New iPhones not as robust as their predecessors?

Macworld Australia Staff
23 September, 2013
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SquareTrade, the San Francisco-based provider of protection plans for electronic gadgets, including smartphones and tablets, has done another of its regular tests to measure which smartphone comes out as most resilient. And it has uploaded the results to YouTube.

The four phones tested this time around were the Samsung Galaxy S4, Google’s Moto X and the two new iPhones, the 5c and the 5s.

The test involve the gadgets being dunked in water, dropped from a height of about 1.5 metres and slid off a flat surface. Robots are used to conduct the tests, to ensure a consistent approach.

And if you thought (hoped) the polycarbonate casing on the iPhone 5c would go some way to making this phone more resistant to scratches and shattered screens, sadly, it seems that is not the case.

In the drop test, the clear loser was the Galaxy S4, which gave up the ghost altogether, while the 5c ended up with a shattered screen, but could still turn on and function.

The 5s suffered a few nicks, but the Moto X had barely a scratch on it.

In the slide test, where the phones are catapulted across a table to see which has the most resistance, the Moto X again came out on top, with the 5c sliding a little further along the table. The 5s fared the worst here – disappearing right off the edge of the surface.

And in the ‘dunkbot’ test, after 10 seconds of being submerged in water, the S4 shut itself off completely (although some commenters have noted that this may be a safety measure and SquareTrade didn’t seem to check and see if it would work later), while the three other smartphones all continued to work and had their audio seemingly unimpaired.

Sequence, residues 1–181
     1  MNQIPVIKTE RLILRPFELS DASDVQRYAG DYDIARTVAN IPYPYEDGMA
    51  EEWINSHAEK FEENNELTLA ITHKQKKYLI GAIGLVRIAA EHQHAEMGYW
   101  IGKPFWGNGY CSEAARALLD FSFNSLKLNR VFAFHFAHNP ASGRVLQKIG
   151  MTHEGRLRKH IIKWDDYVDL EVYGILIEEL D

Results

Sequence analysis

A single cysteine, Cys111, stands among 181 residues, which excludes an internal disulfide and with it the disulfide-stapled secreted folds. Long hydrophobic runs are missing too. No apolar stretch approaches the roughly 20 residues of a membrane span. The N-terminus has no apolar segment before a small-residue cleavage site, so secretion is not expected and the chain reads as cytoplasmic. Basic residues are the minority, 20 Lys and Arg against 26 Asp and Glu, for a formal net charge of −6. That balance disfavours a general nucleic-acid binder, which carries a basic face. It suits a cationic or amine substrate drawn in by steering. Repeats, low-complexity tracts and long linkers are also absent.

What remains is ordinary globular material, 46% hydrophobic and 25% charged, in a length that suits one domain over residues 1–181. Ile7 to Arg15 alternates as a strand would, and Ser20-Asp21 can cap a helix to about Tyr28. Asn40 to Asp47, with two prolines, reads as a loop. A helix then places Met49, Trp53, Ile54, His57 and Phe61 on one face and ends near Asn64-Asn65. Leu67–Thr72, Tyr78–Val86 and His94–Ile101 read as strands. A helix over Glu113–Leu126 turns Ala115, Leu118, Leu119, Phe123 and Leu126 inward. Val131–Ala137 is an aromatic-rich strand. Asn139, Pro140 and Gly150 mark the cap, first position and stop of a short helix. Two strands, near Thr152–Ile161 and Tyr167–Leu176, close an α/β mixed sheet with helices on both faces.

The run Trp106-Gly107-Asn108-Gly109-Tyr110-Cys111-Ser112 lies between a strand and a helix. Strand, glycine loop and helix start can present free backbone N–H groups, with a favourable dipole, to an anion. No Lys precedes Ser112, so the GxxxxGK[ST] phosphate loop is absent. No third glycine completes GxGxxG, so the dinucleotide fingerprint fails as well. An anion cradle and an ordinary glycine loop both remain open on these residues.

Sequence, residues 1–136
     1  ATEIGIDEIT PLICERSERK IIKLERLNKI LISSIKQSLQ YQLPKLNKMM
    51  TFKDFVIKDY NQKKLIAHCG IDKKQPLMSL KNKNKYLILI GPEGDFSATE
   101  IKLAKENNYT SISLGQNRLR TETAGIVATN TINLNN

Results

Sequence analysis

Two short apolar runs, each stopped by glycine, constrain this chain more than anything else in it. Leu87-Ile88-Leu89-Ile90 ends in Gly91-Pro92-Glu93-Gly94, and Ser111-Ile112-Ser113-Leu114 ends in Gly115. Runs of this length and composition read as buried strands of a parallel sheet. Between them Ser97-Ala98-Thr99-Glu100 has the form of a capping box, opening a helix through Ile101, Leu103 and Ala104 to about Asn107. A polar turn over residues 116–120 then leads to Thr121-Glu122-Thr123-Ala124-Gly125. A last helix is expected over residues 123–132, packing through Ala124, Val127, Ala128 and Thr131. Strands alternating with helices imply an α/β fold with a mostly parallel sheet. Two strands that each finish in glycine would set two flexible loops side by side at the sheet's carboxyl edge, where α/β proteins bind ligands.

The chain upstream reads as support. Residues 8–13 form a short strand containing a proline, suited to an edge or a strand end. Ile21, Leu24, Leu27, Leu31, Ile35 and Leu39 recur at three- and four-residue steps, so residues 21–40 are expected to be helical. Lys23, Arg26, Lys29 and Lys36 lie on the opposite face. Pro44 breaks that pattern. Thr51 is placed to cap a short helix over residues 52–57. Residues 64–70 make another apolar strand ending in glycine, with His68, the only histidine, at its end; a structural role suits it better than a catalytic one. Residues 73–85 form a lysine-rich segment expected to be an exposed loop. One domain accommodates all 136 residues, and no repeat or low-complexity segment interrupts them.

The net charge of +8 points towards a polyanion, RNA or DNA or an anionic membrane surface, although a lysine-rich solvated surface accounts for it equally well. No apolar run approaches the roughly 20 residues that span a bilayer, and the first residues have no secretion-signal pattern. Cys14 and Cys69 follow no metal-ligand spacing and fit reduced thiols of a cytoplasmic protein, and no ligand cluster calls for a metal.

SquareTrade’s conclusions had the Moto X in first place, followed by the 5s, then the 5c and the Galaxy S4 as not so lucky last.

But how do these results compare to earlier iPhones? Well, the scores given are out of 10, with one being the highest and 10 being the lowest. The aluminium and glass iPhone 5s scored a 5.5, while the polycarbonate and glass 5c only managed a 6 rating. Their immediate predecessor, the iPhone 5 scored 5 when it was tested. It also only slid just over 0.6 of a metre in the slide test, compared to the 5c’s 0.9 of a metre and the 5s’ distinctly unimpressive Thelma and Louise act.

So the take-home message? If you’re the sort who likes to use your phone as a punching bag, you can buy a Moto X (heaven forbid), refrain from whizzing your 5s along the bar to get the bartender’s attention or just get yourself a really good case. Maybe sooner, rather than later. In our testing, we gave the NewerTech NuGuard five mice and it fits the 5s, so perhaps that’s a good place to start.

by Macworld Australia staff

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